With continuous displacement of oil by freshwater injection, water saturation of the waterflooded zone of well G6-104 has increased, with a corresponding decrease in residual oil saturation (Soo and Radke, 1986a; 1986b; Bedrikovetsky et al., 2011). The oil saturation of the waterflooded area dropped to 31.1% from 57.8%, reflecting the strong washing experienced by the reservoir.

     The relative permeability curves derived from the two wells were compared (Figs. 5a and 5b). The water saturation curve from the waterflooded zone generally translates to the right. The intersection of the curves from G6-104 also has a larger shift to the right compared with that of G6-2, a sign that is strongly characteristic of a freshwater waterflooded zone.


    5.  Discussion

     These results confirm the feasibility of using a back-propagation neural network to identify waterflooded zones. Due to the limitations of the experimental data, the separation of dry layers from waterflooded zones by applying the technique on the cross-plot plate was incomplete. With the further exploration and development of the study area, it should be possible to produce a more complete separation using training based on supplementary well testing reports.

     Based on the results of this work, this paper focuses on the mechanism of reservoir changes after waterflooding. Few changes occurred in permeability, whereas porosity shifted to the right (Fig. 5c). The correlation between porosity and permeability (Zhang et al., 2008) tended to be better after a waterflood, showing that the sorting features of pores become better and pore structure seems more uniform. With the washing of the injection water, the reservoir forms microfissures, and clay minerals of the cores are flushed out to propagate through the reservoir. Thus, the cores become larger, which increases their porosity.


    Fig.5
    (a) Relative permeability curves of the E1f2 3-2 sand body of well G6-2; (b) Relative permeability curves of the E1f2 3-2 sand body of well G6-104; (c) Plot of core porosity vs. core permeability revealing the correlation between porosity and permeability; (d) Oil saturation vs. core permeability showing a positive correlation in well G6-2 and a negative correlation in well G6-104


     Not only does the content of clay minerals change, but also their composition and structure. For example, illite has a filamentous role, and can cause a change in water or speed sensitivity. However, reservoir properties have not changed very rapidly due to the low content of clay minerals in the study area.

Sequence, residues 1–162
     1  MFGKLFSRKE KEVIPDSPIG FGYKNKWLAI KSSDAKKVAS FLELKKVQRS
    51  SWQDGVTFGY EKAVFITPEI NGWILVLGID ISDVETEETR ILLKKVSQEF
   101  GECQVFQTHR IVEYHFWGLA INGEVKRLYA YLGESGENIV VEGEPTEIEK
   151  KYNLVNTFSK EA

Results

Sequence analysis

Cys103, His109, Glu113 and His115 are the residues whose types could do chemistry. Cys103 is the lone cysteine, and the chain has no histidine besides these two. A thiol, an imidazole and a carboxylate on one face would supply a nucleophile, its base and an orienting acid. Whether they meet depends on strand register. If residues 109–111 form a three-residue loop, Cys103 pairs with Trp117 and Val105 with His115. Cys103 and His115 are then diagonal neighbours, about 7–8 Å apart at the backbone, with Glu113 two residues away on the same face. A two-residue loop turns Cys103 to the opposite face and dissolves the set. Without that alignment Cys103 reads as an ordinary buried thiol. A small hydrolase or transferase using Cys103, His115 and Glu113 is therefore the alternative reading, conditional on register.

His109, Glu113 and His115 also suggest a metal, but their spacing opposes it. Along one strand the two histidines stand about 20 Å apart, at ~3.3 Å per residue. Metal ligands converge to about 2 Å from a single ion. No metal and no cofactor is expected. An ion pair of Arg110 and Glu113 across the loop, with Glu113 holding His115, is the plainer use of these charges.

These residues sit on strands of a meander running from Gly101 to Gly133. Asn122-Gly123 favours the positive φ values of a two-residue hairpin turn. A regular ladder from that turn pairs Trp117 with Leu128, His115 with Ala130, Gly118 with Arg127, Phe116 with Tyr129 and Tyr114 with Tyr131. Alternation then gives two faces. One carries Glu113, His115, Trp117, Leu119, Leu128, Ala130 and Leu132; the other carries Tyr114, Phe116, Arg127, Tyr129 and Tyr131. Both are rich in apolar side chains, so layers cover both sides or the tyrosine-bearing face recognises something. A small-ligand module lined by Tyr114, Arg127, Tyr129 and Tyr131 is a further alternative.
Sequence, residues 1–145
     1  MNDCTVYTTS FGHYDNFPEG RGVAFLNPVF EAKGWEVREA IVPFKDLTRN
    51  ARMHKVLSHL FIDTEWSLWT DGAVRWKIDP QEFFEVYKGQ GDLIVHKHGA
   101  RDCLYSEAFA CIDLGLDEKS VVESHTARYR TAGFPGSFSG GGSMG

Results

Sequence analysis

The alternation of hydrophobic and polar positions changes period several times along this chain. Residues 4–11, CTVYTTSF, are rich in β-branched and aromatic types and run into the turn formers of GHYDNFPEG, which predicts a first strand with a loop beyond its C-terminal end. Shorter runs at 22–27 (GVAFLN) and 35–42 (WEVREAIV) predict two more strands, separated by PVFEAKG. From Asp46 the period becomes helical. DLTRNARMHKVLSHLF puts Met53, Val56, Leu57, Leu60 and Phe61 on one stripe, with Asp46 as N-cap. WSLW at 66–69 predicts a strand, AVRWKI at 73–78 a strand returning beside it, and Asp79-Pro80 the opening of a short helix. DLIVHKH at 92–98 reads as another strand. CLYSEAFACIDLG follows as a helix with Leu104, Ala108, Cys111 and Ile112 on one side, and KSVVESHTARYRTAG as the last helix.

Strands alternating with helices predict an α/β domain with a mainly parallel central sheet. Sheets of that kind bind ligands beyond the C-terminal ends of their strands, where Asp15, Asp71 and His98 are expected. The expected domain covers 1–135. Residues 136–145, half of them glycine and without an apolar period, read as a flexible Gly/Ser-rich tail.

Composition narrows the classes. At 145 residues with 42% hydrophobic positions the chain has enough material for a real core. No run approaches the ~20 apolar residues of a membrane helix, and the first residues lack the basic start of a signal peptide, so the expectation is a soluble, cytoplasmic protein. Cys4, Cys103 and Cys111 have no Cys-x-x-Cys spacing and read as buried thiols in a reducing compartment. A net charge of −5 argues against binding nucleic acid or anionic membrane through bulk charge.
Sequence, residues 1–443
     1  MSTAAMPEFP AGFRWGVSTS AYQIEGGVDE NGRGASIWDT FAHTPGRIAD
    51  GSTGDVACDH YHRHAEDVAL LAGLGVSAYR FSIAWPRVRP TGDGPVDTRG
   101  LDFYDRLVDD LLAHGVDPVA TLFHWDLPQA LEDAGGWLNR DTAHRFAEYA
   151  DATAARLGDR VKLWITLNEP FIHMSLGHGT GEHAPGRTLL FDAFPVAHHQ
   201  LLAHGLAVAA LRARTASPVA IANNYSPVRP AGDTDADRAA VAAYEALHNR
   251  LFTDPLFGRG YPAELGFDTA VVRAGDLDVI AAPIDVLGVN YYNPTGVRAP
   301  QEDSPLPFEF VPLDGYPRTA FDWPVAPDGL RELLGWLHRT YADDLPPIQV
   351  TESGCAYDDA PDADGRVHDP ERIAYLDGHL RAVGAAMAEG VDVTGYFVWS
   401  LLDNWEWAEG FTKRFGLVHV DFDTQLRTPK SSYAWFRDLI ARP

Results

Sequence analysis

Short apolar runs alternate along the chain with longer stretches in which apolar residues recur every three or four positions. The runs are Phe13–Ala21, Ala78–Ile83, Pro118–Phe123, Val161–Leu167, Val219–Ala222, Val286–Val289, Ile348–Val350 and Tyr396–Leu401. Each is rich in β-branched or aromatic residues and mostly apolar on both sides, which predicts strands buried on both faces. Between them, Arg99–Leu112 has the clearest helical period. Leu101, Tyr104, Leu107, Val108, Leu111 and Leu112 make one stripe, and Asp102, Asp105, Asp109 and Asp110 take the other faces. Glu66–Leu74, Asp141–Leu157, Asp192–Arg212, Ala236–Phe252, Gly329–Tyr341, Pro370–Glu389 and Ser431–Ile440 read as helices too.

Oil saturation and permeability showed a strong positive correlation in well G6-2 (Fig. 5d). However, oil saturation in well G6-104 was significantly lower than that in well G6-2. Furthermore, there was a trend showing decreasing oil saturation as permeability increased, implying that well G6-104 has experienced tremendous amounts of waterflooding (Yang et al., 2000; Zhang and Xie, 2011).


    6.  Conclusions

    1. In this study, a back-propagation neural network was used to accurately estimate waterflooded zones, by utilizing a combination of well logs composed of GR, DT, RFOC, RILD, and RILM. We used 89% of the data to train the network and 11% to act as unknowns. A neural network cross-plot plate for identification was set up, and the success rate was up to 85%.

    2. Secondary intergranular pores developed, increasing porosity after waterflooding, while the content of clay minerals declined as a result of washing migration. Apparent reductions occurred in the water salinity of the formation and the saturation of residual oil in the waterflooded zone.

    3. A variety of physical and chemical changes have occurred in the reservoir after waterflooding, which have affected the composition and distribution of minerals.


    Acknowledgements

    The authors would like to thank the SINOPEC Jiangsu Petroleum Exploitation Bureau Geoscience Institute, China for supplying core samples, formation water analysis data and physical property data and for permission to publish this study.



    * Project supported by the National Natural Science Foundation of China (No. 41172109), the National Natural Science Foundation of Shandong Province (No. ZR2011DM009), and the Research Foundation for the Doctoral Program of Higher Education (No. 20110003110014), China